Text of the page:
And depending on the beneficiary's relationship and country of origin, the wait time could even be as long as decades. In addition to shorter wait times, citizens also have the privilege of being able to sponsor their married children and siblings in the family preference categories, whereas a green card holder is not allowed to petition for these categories of relatives at all.

So if you have been waiting to sponsor your family members once you're a citizen, now is the time to do so because wait times can be so incredibly long.

But what if you already sponsored certain family members when you are a legal permanent president? Will USCIS automatically update their category?

Unfortunately, USCIS will not automatically update their category to reflect that they are now the relative of a US citizen. Instead, this is something that you have to do manually yourself. To make the request to update your petition for your relative, send USCIS a letter informing them of the change in your citizenship status with a copy of your naturalization certificate and with a copy of the receipt for your family's I-130.

Then mail everything to the USCIS location processing your application. If you're not sure which location that is, you can call the USCIS customer service hotline at 1-800-375-5283 to find out. You can also check for the address that is listed at the bottom of your I-130 receipt notice.

For more information about sponsoring your relatives, go to "" and click "U.S. Citizens".

This next step is for those of you who have children.

Get Your Kids A Certificate of Citizenship & Passport

If one or more of your children are under 18 at the time that you become a U.S. citizen, then they may automatically acquire U.S. citizenship through you, as long as they are also here inside the United States and also living as a permanent resident.

They must also be within your legal and physical custody if they are inside the U.S.. But unlike you, they will not be given an automatic certificate of naturalization, and you will need to take affirmative steps to file for proof of their U.S. citizenship. You can either get them a certificate of citizenship, which is different from certificate of naturalization, or you can get them a U.S. passport, or both.

A certificate of citizenship is almost the same thing as a certificate of naturalization, and it's given to those who become citizens through their birth, through their parents, or through adoption. You can file for your certificate of citizenship by filing the form N-600 and submitting it to USCIS, along with the required documentation and fees.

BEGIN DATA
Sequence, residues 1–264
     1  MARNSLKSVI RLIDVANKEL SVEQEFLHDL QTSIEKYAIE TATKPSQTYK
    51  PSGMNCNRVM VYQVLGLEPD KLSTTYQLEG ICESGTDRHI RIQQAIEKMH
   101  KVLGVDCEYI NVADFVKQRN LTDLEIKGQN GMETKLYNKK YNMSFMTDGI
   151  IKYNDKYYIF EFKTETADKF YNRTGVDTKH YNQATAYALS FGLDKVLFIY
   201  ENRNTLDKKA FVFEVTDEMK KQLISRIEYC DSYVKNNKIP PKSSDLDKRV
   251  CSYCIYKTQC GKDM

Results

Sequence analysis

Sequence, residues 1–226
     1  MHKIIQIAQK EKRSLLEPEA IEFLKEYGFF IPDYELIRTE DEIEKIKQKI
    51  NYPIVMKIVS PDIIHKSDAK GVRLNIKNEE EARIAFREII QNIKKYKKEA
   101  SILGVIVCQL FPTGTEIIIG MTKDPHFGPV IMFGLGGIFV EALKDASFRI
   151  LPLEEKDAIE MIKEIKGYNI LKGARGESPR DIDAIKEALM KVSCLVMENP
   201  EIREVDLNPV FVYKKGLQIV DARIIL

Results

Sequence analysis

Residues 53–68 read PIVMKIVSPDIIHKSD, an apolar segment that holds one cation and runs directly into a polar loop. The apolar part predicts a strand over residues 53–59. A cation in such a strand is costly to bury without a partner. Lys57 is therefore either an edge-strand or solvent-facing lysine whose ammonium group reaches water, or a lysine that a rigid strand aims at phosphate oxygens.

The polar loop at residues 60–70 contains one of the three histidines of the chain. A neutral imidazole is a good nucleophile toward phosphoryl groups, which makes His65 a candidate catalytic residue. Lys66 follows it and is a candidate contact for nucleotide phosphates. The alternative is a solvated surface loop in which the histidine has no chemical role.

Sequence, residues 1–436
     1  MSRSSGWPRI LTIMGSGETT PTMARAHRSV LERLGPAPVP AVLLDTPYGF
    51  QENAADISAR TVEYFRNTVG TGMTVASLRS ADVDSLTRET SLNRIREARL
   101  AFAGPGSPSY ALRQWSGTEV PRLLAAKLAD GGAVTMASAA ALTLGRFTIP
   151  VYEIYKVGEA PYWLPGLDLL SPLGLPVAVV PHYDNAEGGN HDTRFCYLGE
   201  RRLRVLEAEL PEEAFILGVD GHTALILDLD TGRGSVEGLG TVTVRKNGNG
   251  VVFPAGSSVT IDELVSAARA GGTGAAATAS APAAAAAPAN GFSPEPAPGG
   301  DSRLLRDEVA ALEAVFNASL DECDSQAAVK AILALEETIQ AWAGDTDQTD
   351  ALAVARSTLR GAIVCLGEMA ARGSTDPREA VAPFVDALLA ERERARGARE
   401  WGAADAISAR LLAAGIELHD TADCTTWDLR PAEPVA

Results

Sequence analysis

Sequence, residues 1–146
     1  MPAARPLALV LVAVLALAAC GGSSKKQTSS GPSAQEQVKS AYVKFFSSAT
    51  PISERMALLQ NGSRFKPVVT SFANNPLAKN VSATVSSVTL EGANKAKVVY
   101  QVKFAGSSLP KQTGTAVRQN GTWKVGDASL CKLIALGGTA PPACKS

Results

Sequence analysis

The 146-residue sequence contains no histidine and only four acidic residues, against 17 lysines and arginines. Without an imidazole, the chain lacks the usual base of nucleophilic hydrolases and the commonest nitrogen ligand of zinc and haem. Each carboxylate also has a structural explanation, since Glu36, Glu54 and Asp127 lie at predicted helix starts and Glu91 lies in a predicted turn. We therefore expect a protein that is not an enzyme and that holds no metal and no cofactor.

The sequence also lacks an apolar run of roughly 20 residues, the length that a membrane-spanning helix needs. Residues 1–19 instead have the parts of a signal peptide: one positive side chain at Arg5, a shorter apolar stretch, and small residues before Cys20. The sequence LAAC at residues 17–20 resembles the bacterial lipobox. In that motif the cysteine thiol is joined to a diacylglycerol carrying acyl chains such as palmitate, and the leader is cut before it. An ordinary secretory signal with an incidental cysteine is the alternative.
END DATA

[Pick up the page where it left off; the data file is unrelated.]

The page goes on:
The current fee is pretty steep at $1,170 per child, which is why many people choose to get their children a passport instead. However, I must warn you that in many cases, a passport is not always considered sufficient proof of a person's citizenship.

So the most foolproof proof would actually be the certificate of citizenship for your kids. The certificate of citizenship will never expire, unlike a passport. Also, the certificate of citizenship can be used for certain applications such as applying for social security benefits, for a state issued ID, a job in the future, or financial aid.

But of course, the certificate of citizenship will not allow your children to travel. So if you do have an upcoming international travel plan, then getting a passport for your kids will be the most prudent thing to do.

Next, if you changed your name during your naturalization ceremony, then you will want to also update your license at your local DMV.

Update Your Drivers License

You'll want to do this after updating your social security record because the DMV will verify your information with the SSA before approving any name change. Then, once you have an updated license and social security record, you can use both of them to update your name anywhere else.

The process for updating your license varies state by state, as do the required documents. To find instructions specific to your state, visit "" and choose your state from the drop down menu.

Update Your Name With Institutions

Then once you have updated your name with the Social Security Administration and received your new driver's license, you have everything you need to update your name elsewhere. Some important places to consider are your bank, credit card companies and lenders, insurance companies, utility companies, schools, your employer, your landlord or mortgage holder, and the IRS.

After this, you have officially completed everything you need to do after becoming a U.S. citizen.

All that is left is for you to enjoy your life and achieve your dreams as an American. I'm curious to hear whether you think it's better to get your passport first or update your social security record.

Leave me a message in the comments below and let me know what you think is better to do.

And if you are still a green card holder planning on becoming a U.S. citizen, be sure to watch my previous video, "Truth About When To Apply For Citizenship." In it, I'll help you understand the exact moment when it is safe to apply and explain about the dangers that you need to be in the lookout for.

I'll also give you a step-by-step timeline for the entire process, which you won't want to miss.

Click to watch it now and I'll see you there.